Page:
What the Deal Means to Microsoft?
On its part, Microsoft has not yet announced how it hopes to benefit from this acquisition.
Realizing that handheld devices now hold the key to engagement, Microsoft is now trying to go mobile. The Bing app was the first step in that direction and LinkedIn, with its huge mobile presence, is the next!
Also, Microsoft is now making an all-out effort to boost its social presence. It has failed till date to build up a networking presence worth the name for itself. It did try buying the popular chat (and also one of the fastest growing ones) app Slack earlier this year but the deal failed to make headway.
“LinkedIn is the ultimate business social platform. You have everybody on this, from interns and college students on up to the biggest CEOs,” suggests Ivan Feinseth, CIO at investment firm Tigress Financial Partners. “This is a good way for Microsoft to expand in social platforms.”
With LinkedIn in its pocket, Microsoft might be able to out to put to some good use the $1.2 billion spent by it on acquiring the business tool Yammer (which is a smaller, ‘closed version of LinkedIn) in 2012 as well.
The undisputed software giant has been rumoured to be sparing no efforts to buy Salesforce.com. With this acquisition, it will be in a better position to compete with the likes of the latter. Analysts believe Microsoft could still go on to clinch the Salesforce deal.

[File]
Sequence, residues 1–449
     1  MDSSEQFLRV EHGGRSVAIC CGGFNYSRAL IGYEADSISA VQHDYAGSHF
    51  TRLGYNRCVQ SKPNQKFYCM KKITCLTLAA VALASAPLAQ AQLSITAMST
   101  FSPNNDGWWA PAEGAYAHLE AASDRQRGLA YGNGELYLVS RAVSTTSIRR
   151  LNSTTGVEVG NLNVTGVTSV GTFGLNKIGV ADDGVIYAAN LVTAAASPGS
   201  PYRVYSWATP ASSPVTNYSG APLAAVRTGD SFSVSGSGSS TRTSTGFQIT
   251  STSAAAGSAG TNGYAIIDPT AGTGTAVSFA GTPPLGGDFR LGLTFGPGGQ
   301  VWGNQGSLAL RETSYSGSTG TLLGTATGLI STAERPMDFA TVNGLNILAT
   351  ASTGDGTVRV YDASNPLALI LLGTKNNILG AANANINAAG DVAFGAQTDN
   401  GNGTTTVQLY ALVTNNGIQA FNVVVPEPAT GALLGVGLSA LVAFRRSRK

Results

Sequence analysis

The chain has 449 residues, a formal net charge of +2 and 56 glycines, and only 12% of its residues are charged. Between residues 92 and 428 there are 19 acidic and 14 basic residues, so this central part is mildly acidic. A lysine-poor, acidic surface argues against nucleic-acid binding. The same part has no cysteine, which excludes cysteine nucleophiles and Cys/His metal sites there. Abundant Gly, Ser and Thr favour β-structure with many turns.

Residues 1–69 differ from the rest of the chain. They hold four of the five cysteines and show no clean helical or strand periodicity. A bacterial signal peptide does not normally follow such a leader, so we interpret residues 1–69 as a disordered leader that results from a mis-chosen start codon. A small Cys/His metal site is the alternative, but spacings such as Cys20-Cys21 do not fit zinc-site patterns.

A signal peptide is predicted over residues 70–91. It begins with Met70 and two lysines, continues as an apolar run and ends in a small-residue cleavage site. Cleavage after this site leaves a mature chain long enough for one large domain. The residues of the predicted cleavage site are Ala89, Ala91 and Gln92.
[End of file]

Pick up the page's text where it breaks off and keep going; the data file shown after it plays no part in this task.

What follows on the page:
“Microsoft has the resources … the cash … the balance sheet … and the borrowing ability to acquire a lot more,” says Feinseth.
The huge LinkedIn network will give Microsoft a sales channel to boost its cloud network, particularly Office 365 and Dynamics while also complementing the tools it already offers to employers and employees.
The coming together of Office 365, Dynamics and LinkedIn in one place will help improve the LinkedIn newsfeed (which will then be able to serve articles based on the project you are working on) and make it all the more valuable for professionals.
This is expected to reflect in revenues which will now be catered through ‘individual and organisation subscriptions and targeted advertising.’
When BusinessInsider asked Nadella about the reasons behind the acquisition, he says,
“This is really all about expanding the opportunity we have, going beyond productivity and collaboration tools to having a professional network,” Nadella said. “It helps us differentiate our CRM product with social selling. It helps us take Dynamics (Microsoft’s suite of business management software) into new spaces like human capital management with recruiting, and learning, and talent management.”
Summing up, in the words of Rory Cellan-Jones, a technology correspondent, this deal is ‘about more than money!’
Microsoft is now beginning to assert itself as a cloud computing business which provides all B2B services that its clients might need- ‘including a social network to connect them to each other.’